Intermediate filament protein synemin is transiently expressed in a subset of astrocytes during development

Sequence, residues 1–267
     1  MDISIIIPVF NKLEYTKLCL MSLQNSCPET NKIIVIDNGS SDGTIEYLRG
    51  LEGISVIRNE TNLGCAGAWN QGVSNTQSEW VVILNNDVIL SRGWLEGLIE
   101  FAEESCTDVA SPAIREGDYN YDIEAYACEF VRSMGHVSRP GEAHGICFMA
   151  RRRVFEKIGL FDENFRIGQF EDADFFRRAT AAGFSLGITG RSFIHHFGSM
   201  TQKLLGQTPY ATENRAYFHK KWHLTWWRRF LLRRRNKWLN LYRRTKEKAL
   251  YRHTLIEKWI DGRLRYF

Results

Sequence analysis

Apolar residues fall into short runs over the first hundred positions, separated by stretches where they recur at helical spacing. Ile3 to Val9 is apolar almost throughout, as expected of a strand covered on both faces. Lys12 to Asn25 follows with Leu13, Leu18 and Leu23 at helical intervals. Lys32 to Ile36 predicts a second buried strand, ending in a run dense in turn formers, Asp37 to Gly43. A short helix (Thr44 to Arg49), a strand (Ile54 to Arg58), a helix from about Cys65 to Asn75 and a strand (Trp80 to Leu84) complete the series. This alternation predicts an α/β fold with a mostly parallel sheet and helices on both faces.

Synemin, a developmentally regulated protein first described in muscle cells, has recently been recognized as an intermediate filament (IF) protein. Because IF proteins are invaluable markers of cell origin within the nervous system, we were interested in determining the expression pattern of synemin in the brain. Our results show that, during development of the rat cortex, synemin is expressed only in a subpopulation of astrocytic cells expressing GFAP as well as vimentin and nestin. Unlike GFAP, however, synemin is not expressed in mature astrocytes and, unlike vimentin and nestin, synemin is not present in astrocytic precursors before GFAP expression. Taken together with morphological evidence, the time course of synemin expression, as determined by Western blotting, suggests that synemin is expressed in radial glial cells undergoing morphological transformation into astrocytes. Studies of synemin expression in vitro demonstrate that, early in primary culture, the majority of polygonal astrocytes are derived from synemin+ radial glial cells. With time in culture, however, polygonal astrocytes either stop expressing synemin or are overgrown by cells not expressing synemin. The unique pattern of synemin expression, both in vivo and in vitro, suggests that the use of synemin as a marker will add a new dimension to studies of astrocytic differentiation. (C) 2000 Wiley-Liss, Inc.

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